After James accepted the award Saturday night, he thanked the NAACP for recognizing his efforts beyond the basketball court.
“This award is so much more than myself,” he said. “I’m here receiving it, but this dives into everything that I’m a part of.”
The Los Angeles Lakers superstar was recognized for his effort through his LeBron James Family Foundation and his I PROMISE School, a co-curricular educational initiative. Last year, he launched More Than a Vote — a coalition of Black athletes and artists — that is dedicated to educating and protecting Black voters.
James ventured into the entertainment realm with The SpringHill Company, which unites three companies he co-founded with Maverick Carter including athlete empowerment brand UNINTERRUPTED, film and television production company SpringHill Entertainment and The Robot Company, the brand and culture consultancy.
During his speech, James said he wished he could have accepted the award on his feet. But under doctor’s orders, he was unable to do so after spraining his right ankle in a loss against the Atlanta Hawks last week. He has been ruled out indefinitely.
“I wish I could be standing for this award, but the doctors told me I need to keep the weight off my ankle. I appreciate all the well wishes and thoughts to my injury. I’ll be back soon.”
The awards ceremony honoring entertainers and writers of color virtually aired live on BET. It was also simulcast on CBS, MTV, VH1, MTV2, BET HER and LOGO.
“Black-ish” star and comedian Anthony Anderson hosted the show for the eighth consecutive year.
The late Chadwick Boseman won best actor in a motion picture for his role in “Ma Rainey’s Black Bottom.” The actor, who also starred in the blockbuster Marvel film “Black Panther,” died at 43 last year after privately battling colon cancer.
“As always, he would give all honor and glory to the most high God,” said the teary-eyed Simone Ledward Boseman, the actor’s wife, who accepted the award on his behalf. “He would thank his mom and dad. And he would give honor to his ancestors as we now honor him. Thank you NAACP for giving him his flowers. He was an uncommon artist and an even more uncommon person.”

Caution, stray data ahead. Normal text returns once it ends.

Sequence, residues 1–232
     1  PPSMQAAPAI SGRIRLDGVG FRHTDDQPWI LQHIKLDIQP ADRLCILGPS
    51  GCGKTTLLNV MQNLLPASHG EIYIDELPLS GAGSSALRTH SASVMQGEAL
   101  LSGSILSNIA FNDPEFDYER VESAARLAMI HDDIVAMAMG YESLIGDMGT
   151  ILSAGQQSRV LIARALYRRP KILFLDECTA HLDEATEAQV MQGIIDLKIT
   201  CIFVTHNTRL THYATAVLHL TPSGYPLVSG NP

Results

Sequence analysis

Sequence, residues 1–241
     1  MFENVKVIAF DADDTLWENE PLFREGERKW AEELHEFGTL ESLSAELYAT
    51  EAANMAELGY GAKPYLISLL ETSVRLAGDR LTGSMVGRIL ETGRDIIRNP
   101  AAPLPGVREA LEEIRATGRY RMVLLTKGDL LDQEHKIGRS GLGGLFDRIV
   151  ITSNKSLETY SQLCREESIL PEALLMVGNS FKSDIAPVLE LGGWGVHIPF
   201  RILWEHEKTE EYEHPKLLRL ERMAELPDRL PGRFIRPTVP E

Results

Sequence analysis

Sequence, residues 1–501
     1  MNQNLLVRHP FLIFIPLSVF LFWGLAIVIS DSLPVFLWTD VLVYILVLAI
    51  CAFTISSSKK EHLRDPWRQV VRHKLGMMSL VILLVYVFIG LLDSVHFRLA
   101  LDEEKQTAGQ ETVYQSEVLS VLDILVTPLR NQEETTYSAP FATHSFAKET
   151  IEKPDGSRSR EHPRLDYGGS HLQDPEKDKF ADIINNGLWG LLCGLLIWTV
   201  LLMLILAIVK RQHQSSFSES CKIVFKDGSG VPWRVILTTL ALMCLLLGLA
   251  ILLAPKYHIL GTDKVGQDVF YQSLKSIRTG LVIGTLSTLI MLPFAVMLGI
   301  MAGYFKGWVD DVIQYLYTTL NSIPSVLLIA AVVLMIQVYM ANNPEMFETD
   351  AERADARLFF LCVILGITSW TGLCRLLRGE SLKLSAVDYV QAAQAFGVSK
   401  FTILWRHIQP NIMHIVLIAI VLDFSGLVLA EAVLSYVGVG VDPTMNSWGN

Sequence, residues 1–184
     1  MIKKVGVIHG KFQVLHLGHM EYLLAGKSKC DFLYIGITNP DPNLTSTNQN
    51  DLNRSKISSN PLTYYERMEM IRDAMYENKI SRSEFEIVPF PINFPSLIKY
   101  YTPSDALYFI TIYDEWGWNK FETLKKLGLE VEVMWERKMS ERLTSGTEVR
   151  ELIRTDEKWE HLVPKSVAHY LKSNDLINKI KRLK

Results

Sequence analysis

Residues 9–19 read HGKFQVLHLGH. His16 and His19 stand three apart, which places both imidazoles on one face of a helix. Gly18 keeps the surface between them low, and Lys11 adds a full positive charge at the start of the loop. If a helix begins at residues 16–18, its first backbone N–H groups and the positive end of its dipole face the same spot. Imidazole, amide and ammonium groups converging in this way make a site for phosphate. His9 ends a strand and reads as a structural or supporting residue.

Boseman spoke about how common Black people have been diagnosed with or died from colon cancer. She urged Black people over the age of 45 to get screened.
“Don’t put it off any longer,” she said. “Please, get screened. This disease is beatable if you catch it in its early stages. So you don’t have anytime to waste, even if you don’t have any family history. If you think nothing is wrong, and younger than 45, please be proactive about your health. Know the signs. Know your body. Listen to your body.”
Michelle Obama presented Stacey Abrams with the first Social Justice Impact award. Abrams was honored for her political efforts and voting rights work that helped turn Georgia into a swing state.
The former first lady said Abrams’ “courage is contagious, her approach is inclusive, and her eyes are fixed on the mountain top that has always brought out the best within us.”
After Obama called her “unstoppable,” Abrams accepted the award at Tyler Perry Studios in Atlanta. She said her upbringing through her parents helped steer her in the right direction.
“They taught me and my five siblings that having nothing was not an excuse for doing nothing,” she said. “Instead, they showed by word and deed. To use our faith as a shield to protect the defenseless. To use our voices to call out injustices. And to use our education and out time to solve the problems that other turn away from.”
Viola Davis took home best actress for her film and television roles in “Ma Rainey’s Black Bottom” and “How to Get Away with Murder.”
“Bridgerton” star Regé-Jean Page let out a scream of surprise after learning he won best actor in a drama series for his role in the Netflix series.
Jazmine Sullivan gave the awards show's first performance. She wore a light blue shag dress while performing “Pick Up Your Feelings.”